GIG REPORT: Tame Impala turns regal theatre into psychedelic dance floor

GIG REPORT: Tame Impala turns regal theatre into psychedelic dance floor

2016 is a weird time for rock music. Electronic and dance music chiefly dominate the Top 40, Radiohead is becoming more of a distant memory (at least until their new album drops), Coldplay is too bland to be considered “rock”, and what's more, the most relevant rock star of today is probably Kanye West. 

Enter Tame Impala — one of the few rock bands that have actually persisted, and remains an idiosyncratic commercial success. Since their debut in 2008, the band have carved their own left-field niche within the modern EDM-infused age. As such, their distinctive style of psychedelic rock feels infinitely more enticing, and with their live set at The Star Theatre last night, it's easy to see why.

Their latest release Currents has the band taking a departure from their previous style, but their gig presented the Aussie outfit swiftly moving through a tight set of new tunes and old hits, producing a compelling, cultivated sound. From 'Why Won't They Talk To Me' to 'Yes I'm Changing', Tame Impala embarked on a sonic landscape that was hugely entertaining, and kaleidoscopically enveloping.


Yet it's hard to witness Tame Impala in the flesh without noticing (or even merely mentioning) frontman Kevin Parker.

With his patterned shirt and messy hair, Parker's charisma mainly lies in his laid-back style, highlighted by an earnest enthusiasm for performing. 'The Moment' had Parker ooh-ing “It's getting closer”, acting as a precursor to a mind-bending coalescence of sound and energy that was lined up for the rest of the night.

When Parker murmured, “Okay here we go,” before launching into crowd favourite 'Elephant', the audience unsurprisingly went wild. The heavy, staggering drumbeats incited a leering momentum that had people on their feet in the regal confines of The Star Theatre. The band wasn't afraid to join in the fun as well, playfully improvising disco-infused beats that lends well to their new direction.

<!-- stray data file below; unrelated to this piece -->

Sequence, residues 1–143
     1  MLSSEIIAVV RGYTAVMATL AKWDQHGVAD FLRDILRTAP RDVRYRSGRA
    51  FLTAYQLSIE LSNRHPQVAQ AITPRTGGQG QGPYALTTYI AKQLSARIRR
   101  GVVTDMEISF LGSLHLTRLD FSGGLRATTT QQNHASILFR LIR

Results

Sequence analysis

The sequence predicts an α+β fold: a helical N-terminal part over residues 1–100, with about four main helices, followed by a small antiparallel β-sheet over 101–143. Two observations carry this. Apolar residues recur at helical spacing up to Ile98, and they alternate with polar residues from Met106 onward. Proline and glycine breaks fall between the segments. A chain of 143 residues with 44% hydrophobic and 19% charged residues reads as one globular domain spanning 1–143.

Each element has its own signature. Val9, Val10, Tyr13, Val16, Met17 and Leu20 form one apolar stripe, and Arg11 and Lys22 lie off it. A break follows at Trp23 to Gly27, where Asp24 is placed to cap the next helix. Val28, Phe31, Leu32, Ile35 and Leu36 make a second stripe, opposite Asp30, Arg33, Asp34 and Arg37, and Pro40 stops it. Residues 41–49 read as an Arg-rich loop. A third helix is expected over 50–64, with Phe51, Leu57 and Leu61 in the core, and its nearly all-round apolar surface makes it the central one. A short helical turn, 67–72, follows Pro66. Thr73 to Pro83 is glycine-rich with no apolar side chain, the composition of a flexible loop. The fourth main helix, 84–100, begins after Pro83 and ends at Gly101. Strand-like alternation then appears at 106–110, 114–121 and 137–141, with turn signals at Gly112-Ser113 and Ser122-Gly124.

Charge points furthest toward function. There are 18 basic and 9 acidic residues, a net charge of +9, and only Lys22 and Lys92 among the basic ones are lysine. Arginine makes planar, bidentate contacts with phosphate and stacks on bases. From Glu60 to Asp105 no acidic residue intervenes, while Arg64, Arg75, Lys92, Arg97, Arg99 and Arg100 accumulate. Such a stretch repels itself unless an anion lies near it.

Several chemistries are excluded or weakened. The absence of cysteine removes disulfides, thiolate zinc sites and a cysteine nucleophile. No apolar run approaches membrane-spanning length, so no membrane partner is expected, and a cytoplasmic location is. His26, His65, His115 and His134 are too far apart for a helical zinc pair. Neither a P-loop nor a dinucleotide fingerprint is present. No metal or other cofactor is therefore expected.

“It warms my heart to see all of you standing,” Parker smiles to a cheering audience. While the venue boasts a glitzy interior with plush seats, Tame Impala made terrific use of an otherwise snug environment. The stellar acoustics crystallized their reverb, and every propulsive bass lick was an excuse to dance.

The band's backdrop, solely consisting of trippy multi-coloured visuals that could be plainly lifted off a 'Now That's What I Call Psychedelic Rock!' manual, still worked with Parker's unassuming nature. The saturated hues and rainbow strobe lights were mesmerizing, cleverly interwoven with moments of crisp lighting of the band's silhouette.

Parker hit the sweet spot with his falsetto in 'The Less I Know The Better', all the more impressive considering we're catching a mid-tour Parker, one who's applying more falsettos than ever thanks to the new album material. As its infectious bass line kicked in, Tame Impala confidently found their stride. even as they made a few missteps through various songs, with the euphoric synths in the climax of 'Elephant' executed sloppily. 

'Eventually' was punctuated by Parker's cries in the chorus but it was the lulling guitars, soft wind chimes and slow-burning rhythm section that emanated good vibes. Next with 'Alter Ego', again, Kevin Parker and co. served up a dreamy soundscape that was just as immensely alluring as the first listen of Innerspeaker.

Without a doubt, their encore was nothing short of a spectacle. With multiple bursts of confetti (most likely borrowing from their pals The Flaming Lips), the band ends the night off with a one-two punch of 'Feels Like We Only Go Backwards' and 'New Person, Same Old Mistakes'.

The groovy, alluring vibes of the latter song — covered by the great Rihanna recently — brought the night to a climatic close. Even with their relatively monstrous success worldwide, capturing the edge of the mainstream with aplomb, Tame Impala still enjoys otherworldly experimentation with a casual shrug. It's this careful balance that makes them so much fun live.

With this, Tame Impala have certainly cemented their status in modern rock, and frankly speaking, are easily one of the few bands that elevates their sound even further on the stage.

Special thanks to Secret Sounds Asia for organizing the show.